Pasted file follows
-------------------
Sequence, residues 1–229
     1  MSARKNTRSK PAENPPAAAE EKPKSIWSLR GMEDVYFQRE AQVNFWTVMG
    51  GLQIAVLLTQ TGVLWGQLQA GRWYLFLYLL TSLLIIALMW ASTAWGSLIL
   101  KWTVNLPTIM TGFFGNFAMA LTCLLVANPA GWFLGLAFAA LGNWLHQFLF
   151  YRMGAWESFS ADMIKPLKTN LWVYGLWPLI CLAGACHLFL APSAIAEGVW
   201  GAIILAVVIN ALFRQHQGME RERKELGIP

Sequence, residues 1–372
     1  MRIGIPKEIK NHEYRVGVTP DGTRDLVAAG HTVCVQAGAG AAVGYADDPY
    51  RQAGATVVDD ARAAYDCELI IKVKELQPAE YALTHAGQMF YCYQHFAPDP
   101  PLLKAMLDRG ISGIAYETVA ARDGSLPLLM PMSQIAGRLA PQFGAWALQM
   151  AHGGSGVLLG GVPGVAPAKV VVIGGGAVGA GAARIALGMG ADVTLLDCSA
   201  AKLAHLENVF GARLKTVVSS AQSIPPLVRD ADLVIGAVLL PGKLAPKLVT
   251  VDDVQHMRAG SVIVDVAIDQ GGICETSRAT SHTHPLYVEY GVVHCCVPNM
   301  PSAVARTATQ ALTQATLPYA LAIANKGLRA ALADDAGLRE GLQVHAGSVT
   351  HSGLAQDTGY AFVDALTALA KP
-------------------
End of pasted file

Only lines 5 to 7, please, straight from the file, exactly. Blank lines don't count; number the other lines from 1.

   151  YRMGAWESFS ADMIKPLKTN LWVYGLWPLI CLAGACHLFL APSAIAEGVW
   201  GAIILAVVIN ALFRQHQGME RERKELGIP

Sequence, residues 1–372